Air pollution may actually cause crime and unethical behavior
A collection of studies has revealed that the subject of air pollution has a negative impact on people’s conduct. The findings indicate that exposure to pollution, or even just the thought of it, may lead to unethical behavior such as crime and cheating.
“This research reveals that air pollution may have potential ethical costs that go beyond its well-known toll on health and the environment,” said first author Jackson G. Lu.
“This is important because air pollution is a serious global issue that affects billions of people – even in the United States, about 142 million people still reside in counties with dangerously polluted air.”
The findings of the analysis suggest that this association between pollution and misconduct could be caused by increased anxiety. Researchers have previously found that air pollution elevates feelings of anxiety, which is known to correspond with various unethical behaviors.
The research team analyzed air pollution and crime data for over 9,000 cities in the United States over a 9-year time frame. Pollution data from the Environmental Protection Agency included information about six major pollutants such as carbon dioxide and fine particulate matter. Crime data from the Federal Bureau of Investigation (FBI) contained information on seven major offenses including murder and robbery.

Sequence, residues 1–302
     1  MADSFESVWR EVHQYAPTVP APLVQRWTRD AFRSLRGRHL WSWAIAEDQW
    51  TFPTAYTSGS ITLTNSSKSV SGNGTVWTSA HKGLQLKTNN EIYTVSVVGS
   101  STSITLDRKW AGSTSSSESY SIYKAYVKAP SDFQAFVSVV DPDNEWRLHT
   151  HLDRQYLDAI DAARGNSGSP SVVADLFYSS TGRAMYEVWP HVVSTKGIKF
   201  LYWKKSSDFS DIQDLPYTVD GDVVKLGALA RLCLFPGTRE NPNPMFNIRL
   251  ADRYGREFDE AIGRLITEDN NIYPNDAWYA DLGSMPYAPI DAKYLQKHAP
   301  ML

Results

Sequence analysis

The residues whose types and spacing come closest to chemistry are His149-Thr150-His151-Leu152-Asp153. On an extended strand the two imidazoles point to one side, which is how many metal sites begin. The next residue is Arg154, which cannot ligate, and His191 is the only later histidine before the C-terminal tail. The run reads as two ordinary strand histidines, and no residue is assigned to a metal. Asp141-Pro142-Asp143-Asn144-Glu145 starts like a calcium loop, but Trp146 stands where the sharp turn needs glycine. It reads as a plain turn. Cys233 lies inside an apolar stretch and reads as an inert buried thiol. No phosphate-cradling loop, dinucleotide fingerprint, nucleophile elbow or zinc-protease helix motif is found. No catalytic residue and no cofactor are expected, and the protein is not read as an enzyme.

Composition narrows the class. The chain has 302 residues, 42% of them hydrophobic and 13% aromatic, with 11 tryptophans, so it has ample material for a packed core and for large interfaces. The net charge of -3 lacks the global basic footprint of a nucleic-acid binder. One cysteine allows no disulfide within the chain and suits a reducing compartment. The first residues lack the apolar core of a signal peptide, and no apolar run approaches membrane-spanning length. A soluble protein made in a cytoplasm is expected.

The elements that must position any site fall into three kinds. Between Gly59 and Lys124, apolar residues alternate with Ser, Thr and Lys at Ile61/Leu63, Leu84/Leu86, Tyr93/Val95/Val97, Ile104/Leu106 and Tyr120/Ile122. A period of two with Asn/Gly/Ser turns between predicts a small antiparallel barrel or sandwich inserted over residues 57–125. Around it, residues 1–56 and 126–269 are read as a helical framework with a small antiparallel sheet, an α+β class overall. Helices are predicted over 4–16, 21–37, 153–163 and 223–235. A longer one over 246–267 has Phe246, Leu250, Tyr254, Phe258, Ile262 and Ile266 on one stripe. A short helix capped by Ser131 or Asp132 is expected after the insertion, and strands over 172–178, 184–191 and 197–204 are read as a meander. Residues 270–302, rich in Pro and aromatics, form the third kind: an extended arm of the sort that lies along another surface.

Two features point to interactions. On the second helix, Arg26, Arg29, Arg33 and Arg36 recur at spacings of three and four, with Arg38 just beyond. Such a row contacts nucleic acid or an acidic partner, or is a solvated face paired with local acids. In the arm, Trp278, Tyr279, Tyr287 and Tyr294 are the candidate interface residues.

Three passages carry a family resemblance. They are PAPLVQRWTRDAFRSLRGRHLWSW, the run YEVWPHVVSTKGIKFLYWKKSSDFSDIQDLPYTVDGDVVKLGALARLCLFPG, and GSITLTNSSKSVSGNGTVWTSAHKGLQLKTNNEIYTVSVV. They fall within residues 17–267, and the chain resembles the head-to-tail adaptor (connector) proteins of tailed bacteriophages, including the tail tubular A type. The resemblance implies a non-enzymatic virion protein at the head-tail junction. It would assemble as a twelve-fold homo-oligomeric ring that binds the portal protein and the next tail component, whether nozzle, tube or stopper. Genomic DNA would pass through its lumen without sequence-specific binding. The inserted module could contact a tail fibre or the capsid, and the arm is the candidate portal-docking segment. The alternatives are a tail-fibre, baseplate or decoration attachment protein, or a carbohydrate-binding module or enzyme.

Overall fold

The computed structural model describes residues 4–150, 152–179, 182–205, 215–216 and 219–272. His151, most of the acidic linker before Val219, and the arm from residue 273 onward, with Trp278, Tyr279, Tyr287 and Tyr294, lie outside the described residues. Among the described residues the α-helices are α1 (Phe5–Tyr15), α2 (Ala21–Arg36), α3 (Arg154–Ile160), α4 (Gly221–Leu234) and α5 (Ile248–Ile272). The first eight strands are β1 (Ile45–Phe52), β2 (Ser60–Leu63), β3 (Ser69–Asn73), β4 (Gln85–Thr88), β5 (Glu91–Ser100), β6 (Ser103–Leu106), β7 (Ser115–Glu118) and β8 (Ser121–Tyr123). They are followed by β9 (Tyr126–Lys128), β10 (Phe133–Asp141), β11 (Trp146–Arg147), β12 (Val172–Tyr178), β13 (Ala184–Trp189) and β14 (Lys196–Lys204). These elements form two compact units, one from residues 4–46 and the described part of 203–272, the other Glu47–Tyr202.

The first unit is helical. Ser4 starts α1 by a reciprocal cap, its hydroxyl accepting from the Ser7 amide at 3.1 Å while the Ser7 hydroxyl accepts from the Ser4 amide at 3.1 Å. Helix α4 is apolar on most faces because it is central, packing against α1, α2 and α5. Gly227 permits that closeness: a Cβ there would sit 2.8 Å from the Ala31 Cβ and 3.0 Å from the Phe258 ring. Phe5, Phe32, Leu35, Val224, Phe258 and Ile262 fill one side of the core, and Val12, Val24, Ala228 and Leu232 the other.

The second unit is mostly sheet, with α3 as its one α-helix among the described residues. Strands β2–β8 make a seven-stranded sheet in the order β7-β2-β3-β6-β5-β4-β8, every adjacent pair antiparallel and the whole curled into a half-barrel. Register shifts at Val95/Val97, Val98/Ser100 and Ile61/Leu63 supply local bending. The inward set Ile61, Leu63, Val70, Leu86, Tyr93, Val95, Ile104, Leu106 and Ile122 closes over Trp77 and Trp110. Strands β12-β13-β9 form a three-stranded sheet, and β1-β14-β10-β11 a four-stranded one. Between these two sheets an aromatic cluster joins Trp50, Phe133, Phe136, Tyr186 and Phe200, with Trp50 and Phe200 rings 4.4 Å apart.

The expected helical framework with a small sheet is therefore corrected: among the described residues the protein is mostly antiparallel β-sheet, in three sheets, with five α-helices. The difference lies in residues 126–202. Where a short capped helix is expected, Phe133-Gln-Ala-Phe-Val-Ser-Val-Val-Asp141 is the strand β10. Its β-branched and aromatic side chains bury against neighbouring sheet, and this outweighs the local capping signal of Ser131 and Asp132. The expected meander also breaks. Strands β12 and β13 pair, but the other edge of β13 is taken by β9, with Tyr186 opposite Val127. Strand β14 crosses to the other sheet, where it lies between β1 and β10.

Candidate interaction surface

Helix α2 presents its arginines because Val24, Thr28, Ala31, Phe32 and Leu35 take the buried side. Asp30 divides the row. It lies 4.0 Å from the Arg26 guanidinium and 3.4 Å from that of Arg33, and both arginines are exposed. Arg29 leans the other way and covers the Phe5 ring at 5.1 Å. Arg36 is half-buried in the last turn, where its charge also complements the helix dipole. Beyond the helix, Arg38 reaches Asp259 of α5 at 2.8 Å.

The study revealed that cities with higher air pollution levels were more likely to have higher rates of crime. Researchers also developed a series of experiments to further establish this correlation in which they manipulated participants to imagine air pollution.
The results of the first experiment showed that participants who were shown images of a polluted area cheated more often on an assigned task than those who were presented with an image of a clean area.
Participants were also shown images of either a polluted or a clean scene in another experiment, and were instructed to write an essay about what it would be like to live there.
Independent experts rated the essays to measure how much anxiety was expressed, and they detected higher levels of anxiety in the individuals who had written about living in a polluted area.
The study authors acknowledged that anxiety may not be the only mechanism linking air pollution and unethical behavior.
“Our findings suggest that air pollution not only corrupts people’s health, but also can contaminate their morality,” said Lu.